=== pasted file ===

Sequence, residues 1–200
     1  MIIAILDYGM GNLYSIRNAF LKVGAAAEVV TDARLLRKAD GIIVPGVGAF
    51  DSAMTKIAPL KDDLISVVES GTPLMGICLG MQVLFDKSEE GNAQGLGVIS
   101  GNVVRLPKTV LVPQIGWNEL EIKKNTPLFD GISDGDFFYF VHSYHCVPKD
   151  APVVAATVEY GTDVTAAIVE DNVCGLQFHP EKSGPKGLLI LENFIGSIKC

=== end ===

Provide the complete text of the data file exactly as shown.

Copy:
Sequence, residues 1–200
     1  MIIAILDYGM GNLYSIRNAF LKVGAAAEVV TDARLLRKAD GIIVPGVGAF
    51  DSAMTKIAPL KDDLISVVES GTPLMGICLG MQVLFDKSEE GNAQGLGVIS
   101  GNVVRLPKTV LVPQIGWNEL EIKKNTPLFD GISDGDFFYF VHSYHCVPKD
   151  APVVAATVEY GTDVTAAIVE DNVCGLQFHP EKSGPKGLLI LENFIGSIKC